While my name is “Michael” I usually go by “Mike.” But, as you have probably guessed, people have called me “Mikey.” I do not like that. This is because when people use “Mikey” they have usually been trying to insult or provoke me. I respond by politely saying that I do not go by “Mikey. If they keep pushing it, it just becomes ever more evident they are doing it to provoke me. People have said they do not understand why I am taking offense at being called “Mikey” and even say that they can call me whatever they want. The pronoun wars reminded me of how much I disliked being called “Mikey” by people trying to mess with me when I was younger.

Looked at philosophically, my view is that my name is my name and I have the right to decide what name I will respond to. It is not up to other people to decide. This is especially true when they are misnaming me with malicious intent and are trying to insult or provoke me. While I don’t think this is a serious offense, it is still a hostile action, motivated by malice or cruelty.

When people insist that they be called by their chosen pronouns, I get it—I think of people trying to insult or provoke me by calling me “Mikey.” Their pronouns belong to them and thus they have the right to refuse to respond to pronouns they do not accept. People attempting to impose pronouns on them are most likely trying to insult them, be cruel, or provoke them—and hence are to be condemned in their misdeeds. But wait, someone might say, isn’t forcing people to accept your pronouns forcing them to accept your values?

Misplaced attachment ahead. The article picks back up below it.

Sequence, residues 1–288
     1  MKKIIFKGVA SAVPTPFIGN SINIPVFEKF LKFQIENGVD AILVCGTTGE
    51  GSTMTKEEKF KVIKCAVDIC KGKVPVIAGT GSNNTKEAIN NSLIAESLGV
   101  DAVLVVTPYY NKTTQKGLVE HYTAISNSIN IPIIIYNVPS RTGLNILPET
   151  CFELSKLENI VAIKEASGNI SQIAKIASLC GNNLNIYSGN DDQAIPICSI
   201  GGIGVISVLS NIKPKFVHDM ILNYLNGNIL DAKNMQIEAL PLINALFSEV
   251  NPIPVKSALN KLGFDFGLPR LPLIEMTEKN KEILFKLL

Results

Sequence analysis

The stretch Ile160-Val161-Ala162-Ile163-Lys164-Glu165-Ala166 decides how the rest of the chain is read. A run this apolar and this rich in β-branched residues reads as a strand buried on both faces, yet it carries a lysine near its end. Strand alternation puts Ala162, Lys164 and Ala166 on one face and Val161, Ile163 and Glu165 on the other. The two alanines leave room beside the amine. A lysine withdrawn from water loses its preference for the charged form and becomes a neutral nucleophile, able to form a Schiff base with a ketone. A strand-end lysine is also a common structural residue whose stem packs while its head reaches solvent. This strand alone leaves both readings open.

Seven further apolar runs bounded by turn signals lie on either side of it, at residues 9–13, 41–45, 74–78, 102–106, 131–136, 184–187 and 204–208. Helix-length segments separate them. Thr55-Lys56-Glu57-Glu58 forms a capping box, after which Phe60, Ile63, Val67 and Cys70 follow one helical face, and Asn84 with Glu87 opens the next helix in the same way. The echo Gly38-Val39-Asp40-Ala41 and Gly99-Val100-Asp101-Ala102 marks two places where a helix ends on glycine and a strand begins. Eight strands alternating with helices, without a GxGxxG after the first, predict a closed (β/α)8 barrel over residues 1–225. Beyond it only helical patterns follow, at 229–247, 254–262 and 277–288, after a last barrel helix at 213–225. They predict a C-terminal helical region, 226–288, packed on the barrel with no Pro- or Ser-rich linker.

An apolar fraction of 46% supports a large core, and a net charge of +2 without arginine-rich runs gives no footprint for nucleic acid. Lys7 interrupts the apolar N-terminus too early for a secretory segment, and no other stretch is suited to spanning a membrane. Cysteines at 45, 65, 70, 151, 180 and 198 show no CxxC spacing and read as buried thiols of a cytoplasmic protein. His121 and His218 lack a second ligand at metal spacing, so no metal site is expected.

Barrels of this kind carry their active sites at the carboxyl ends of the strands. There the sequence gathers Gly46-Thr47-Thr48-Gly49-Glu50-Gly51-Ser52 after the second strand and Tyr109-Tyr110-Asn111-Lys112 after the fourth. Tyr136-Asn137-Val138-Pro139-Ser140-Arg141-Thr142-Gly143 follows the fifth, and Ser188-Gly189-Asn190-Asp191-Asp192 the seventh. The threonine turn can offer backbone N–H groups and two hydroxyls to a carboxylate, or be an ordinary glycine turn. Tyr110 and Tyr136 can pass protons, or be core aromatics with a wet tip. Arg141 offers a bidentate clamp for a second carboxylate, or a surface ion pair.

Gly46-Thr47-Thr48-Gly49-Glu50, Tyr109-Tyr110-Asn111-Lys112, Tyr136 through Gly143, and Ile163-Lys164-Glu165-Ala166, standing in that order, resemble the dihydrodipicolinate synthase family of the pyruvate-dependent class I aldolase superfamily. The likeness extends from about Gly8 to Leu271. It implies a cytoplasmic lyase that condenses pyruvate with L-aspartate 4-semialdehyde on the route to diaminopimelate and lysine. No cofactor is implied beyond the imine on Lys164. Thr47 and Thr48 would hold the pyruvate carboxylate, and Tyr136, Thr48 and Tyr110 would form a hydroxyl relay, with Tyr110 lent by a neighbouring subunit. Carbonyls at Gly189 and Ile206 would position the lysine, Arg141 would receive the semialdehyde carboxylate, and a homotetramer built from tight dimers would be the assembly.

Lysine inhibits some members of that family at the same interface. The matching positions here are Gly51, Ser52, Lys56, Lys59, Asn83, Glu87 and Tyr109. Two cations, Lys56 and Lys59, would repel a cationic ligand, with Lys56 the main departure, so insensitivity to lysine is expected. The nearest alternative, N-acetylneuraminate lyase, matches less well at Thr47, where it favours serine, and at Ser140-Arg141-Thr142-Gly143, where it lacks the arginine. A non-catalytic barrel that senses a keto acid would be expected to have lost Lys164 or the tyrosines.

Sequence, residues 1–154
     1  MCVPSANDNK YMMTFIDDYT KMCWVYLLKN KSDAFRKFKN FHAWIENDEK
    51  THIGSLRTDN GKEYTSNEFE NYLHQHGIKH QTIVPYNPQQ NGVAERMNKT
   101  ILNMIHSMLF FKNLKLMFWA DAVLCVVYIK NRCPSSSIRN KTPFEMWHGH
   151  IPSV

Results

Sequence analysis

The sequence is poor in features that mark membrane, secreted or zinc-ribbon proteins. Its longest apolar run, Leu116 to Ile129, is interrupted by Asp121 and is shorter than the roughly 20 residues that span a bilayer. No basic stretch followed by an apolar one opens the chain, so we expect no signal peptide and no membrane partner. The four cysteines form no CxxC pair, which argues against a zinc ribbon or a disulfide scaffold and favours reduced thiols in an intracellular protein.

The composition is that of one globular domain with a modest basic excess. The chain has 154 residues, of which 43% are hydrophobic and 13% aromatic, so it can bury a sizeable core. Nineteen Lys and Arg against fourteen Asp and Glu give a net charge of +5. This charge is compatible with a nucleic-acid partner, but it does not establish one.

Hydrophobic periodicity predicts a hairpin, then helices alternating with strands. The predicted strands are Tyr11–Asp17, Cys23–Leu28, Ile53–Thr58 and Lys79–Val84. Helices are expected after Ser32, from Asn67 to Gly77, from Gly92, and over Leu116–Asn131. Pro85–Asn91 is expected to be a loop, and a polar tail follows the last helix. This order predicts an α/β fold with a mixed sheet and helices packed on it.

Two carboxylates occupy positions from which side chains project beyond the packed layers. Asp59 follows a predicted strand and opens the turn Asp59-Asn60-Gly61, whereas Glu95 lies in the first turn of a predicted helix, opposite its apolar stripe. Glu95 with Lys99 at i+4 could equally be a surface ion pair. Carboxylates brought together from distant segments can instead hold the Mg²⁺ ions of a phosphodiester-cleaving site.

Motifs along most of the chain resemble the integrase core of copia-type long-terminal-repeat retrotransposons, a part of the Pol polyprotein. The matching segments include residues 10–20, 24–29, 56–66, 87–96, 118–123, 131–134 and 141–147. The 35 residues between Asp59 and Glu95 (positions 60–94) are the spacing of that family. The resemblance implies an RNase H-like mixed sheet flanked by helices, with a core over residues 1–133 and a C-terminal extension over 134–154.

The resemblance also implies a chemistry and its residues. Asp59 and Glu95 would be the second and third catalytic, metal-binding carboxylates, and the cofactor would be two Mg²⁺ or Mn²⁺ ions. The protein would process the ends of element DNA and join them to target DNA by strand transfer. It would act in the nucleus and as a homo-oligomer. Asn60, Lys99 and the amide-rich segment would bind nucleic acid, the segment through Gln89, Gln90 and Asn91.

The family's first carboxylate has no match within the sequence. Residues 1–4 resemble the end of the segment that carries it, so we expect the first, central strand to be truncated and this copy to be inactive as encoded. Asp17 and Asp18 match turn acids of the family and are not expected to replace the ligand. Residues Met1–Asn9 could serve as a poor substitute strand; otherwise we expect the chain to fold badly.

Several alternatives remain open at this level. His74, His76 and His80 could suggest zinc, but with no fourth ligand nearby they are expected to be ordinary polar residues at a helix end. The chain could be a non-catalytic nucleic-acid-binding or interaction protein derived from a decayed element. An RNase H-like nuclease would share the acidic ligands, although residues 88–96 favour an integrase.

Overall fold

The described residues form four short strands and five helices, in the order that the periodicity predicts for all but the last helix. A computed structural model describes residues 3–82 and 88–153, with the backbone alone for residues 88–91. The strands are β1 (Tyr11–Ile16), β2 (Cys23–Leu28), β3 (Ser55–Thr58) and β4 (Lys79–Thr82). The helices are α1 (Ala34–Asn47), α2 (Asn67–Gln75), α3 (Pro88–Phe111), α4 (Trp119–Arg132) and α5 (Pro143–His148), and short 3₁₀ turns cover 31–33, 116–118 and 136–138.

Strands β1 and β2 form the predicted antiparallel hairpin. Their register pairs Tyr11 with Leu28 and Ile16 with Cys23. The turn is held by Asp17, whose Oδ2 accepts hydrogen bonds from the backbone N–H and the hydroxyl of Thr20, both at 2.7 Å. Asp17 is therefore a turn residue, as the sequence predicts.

When made in good faith, there is an interesting issue here of whether accepting a person’s pronouns entails accepting a specific value system about identity. To use an analogy, if I accept that King Charles should be called “King Charles”, would I thus be embracing the values system behind the British monarchy? On the face of it, I would just be accepting that that is what the British call him rather than accepting a political theory. But it could be argued that using the word “king” entails accepting that he really is a king and perhaps even that his kingship is legitimate.

On the one hand, it can be argued that expecting people to use one’s preferred pronouns is like me expecting people to call me “Mike” rather than “Mikey.” I am not forcing people who believe that “Mikey” is correct to adopt my world view about my name; I just expect them to respect my name when they talk to me. If this is too much for them, they can just call me “Michael.” Likewise, if a person has “they” as their pronoun, no one is forced to accept whatever world view might lie behind that choice—the other person can either use “they” or avoid pronouns if they have a sincere commitment against using pronouns in ways they do not want to use them.